Updated: May 2020
The volcanic island of Mauritius, located about 600 miles east of Madagascar, is one of the most popular tropical destinations in the Indian Ocean.
Even though it is barely noticeable on a map, this country has some remarkable sights that will make you want to visit it on your next trip.
Surrounded by reef-protected cobalt-blue seas and lined with white sand beaches, Mauritius is often seen as a remote dream destination that is hard to get to and even harder to afford. From my experience, this is far from being true.
While the island is famous among resort tourists and honeymooners, it is possible to enjoy the beauty of Mauritius on a budget.
Here I’ll show you what to do and where to go to make the most of your time there with just a backpacker’s budget.
Getting There Cheaply
Since it is a small island in the middle of the Indian Ocean, flights to Mauritius are often a bit expensive. But, as with everything in the “travel world,” there are ways to save on flights.
When searching for airfares, if a roundtrip from your departing city to Mauritius turns out to be too expensive, consider booking a roundtrip to Seychelles, Reunion, or Madagascar, and from there book another roundtrip to Mauritius using Air Mauritius, Air Seychelles, or Air Austral.
There are many other destination options, but these were among the cheapest I saw when searching around. In my case, I was traveling to all the destinations mentioned above and found an excellent deal to hop around between the islands via Skyscanner.com with Air Austral.
Other great options to save on airfare is to break your flights based on major hubs.
If you’re flying from the US, maybe check for roundtrip flights to a major hub along the way, like Doha, Dubai, Abu Dhabi, Frankfurt, London, and Istanbul, among others; and from there, buy another roundtrip to Mauritius.
Also, try visiting during their low season –May to October– when the weather is cool, dry, and sunny, as airlines tend to lower their airfares to lure visitors. You can sign up to Air Mauritius newsletter, the local airline, to stay up to date on airfare deals to Mauritius.
For more travel hacking tips, check out this post with 20 pro tips that’ll help you find the cheapest airfare.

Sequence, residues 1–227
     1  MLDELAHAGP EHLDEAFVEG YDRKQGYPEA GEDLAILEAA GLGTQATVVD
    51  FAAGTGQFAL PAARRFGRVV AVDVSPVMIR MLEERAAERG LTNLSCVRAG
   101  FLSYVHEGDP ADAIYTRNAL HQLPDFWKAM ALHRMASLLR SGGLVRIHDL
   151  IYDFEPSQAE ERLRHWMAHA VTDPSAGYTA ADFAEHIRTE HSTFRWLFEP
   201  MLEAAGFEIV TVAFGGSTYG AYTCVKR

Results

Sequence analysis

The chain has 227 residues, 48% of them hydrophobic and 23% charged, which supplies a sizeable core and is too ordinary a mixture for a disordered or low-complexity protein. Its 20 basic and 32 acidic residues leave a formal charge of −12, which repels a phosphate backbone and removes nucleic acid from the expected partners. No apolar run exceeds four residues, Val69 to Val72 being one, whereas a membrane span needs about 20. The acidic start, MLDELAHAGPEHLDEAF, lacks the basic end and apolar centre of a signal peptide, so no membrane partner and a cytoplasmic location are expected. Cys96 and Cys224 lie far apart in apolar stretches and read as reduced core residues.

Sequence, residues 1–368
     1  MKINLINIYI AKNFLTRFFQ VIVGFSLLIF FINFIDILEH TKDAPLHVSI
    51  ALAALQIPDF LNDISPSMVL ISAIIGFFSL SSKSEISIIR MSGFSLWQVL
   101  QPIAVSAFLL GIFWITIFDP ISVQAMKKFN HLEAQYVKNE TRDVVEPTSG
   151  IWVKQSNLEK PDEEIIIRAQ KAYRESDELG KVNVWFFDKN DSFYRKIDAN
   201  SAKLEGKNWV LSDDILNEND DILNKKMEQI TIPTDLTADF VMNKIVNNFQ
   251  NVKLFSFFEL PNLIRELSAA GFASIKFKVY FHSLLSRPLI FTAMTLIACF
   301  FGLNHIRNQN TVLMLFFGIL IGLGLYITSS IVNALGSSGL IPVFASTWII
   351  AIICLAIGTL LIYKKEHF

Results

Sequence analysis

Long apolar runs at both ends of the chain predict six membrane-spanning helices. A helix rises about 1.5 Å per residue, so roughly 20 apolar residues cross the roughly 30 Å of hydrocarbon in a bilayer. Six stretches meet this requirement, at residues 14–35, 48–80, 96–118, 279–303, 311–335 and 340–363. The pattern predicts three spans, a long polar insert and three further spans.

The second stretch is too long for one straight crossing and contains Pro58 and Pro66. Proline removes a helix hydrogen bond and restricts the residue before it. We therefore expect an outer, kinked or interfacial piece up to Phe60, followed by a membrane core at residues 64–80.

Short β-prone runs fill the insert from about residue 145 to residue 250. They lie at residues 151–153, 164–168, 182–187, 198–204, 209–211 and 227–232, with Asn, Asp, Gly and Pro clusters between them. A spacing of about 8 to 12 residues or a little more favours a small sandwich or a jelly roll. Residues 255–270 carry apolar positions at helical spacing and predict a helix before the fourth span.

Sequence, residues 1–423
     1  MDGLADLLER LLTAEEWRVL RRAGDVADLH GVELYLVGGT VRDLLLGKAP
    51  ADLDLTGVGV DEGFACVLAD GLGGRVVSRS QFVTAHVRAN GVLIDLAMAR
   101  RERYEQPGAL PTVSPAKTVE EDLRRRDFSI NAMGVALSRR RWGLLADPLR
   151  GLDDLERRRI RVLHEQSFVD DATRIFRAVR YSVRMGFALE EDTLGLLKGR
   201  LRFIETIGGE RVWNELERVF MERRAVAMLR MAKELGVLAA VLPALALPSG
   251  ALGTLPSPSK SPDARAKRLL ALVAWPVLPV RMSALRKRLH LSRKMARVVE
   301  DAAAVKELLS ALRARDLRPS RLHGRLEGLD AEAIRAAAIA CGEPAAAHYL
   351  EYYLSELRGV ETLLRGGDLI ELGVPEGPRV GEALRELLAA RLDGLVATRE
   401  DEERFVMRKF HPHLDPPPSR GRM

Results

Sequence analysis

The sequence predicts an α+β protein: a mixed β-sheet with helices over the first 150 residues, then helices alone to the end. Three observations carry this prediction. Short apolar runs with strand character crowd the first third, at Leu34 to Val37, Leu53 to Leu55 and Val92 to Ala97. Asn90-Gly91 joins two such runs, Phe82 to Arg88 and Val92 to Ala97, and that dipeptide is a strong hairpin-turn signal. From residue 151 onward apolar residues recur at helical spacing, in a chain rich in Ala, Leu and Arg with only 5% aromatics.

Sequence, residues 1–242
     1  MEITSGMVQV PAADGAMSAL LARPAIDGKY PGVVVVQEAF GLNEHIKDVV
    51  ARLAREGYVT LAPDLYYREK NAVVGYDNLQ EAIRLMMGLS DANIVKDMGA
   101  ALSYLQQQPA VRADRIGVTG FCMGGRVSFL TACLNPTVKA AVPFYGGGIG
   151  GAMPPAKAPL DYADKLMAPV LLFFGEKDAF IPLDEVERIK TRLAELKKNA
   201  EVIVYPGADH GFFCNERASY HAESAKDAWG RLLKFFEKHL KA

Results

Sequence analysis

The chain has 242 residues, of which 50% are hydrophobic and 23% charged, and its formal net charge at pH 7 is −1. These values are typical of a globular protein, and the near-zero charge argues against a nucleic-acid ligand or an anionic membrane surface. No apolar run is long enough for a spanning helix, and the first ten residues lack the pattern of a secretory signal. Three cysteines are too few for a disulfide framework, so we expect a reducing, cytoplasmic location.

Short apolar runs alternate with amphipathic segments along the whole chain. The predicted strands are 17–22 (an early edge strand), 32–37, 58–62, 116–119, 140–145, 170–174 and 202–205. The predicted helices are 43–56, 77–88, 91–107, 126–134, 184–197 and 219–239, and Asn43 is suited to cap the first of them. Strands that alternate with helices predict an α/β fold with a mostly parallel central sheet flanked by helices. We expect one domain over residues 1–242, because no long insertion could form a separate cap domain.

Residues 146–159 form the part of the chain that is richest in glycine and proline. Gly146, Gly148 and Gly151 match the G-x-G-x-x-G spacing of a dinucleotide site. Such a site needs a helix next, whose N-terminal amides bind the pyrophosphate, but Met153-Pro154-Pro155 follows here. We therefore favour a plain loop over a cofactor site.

When To Go
Mauritius has a tropical climate year-round, so you can always visit its gorgeous beaches no matter at what time of the year you go there.
Surprisingly, the best time to visit Mauritius is from May to October, during their winter’s low season, which is when they have the best weather – cool, dry, and sunny. During their summer, from November to April, the days tend to be hot and humid.
It is recommended to avoid going there during the wet cyclone season, which goes from January to March and to avoid the east coast in July and August when the wind is at its strongest.
Saving on Accommodation and Where to Stay
While the island is famous for its resorts, luxury hotels, and deluxe villas, there are budget accommodation options all over the island, especially in cities.
I managed to pay an average of $25 a night for a double room with a private bathroom in most local guesthouses. My recommended site to find these budget accommodations at a cheaper rate is Booking.com.
When it comes to villas and resorts, I have to recommend staying at White Oaks Villas. These villas offer you all the bells and whistles most resorts and villas in the area offer but at an affordable rate. [Read reviews on TripAdvisor | Book the White Oaks Villas here]
Since I spent Thanksgiving weekend in Mauritius, I wanted to pamper myself a bit for the weekend, and it was soooooo worth it!
It is located in the north of the island, at Trou aux Biches, which is famous for having many nice beaches around and an excellent environment, overall.
I had a villa for myself, right in front of the beach and steps away from the pool. Their service couldn’t have been any better as they paid attention to every detail and made sure I was having an excellent time there!
And the villas… wow! They are fully equipped, have good wifi, and the beds are so comfy! Nothing like waking up and look at the ocean right in front of you, first thing in the morning. Seriously, that was my Thanksgiving heaven!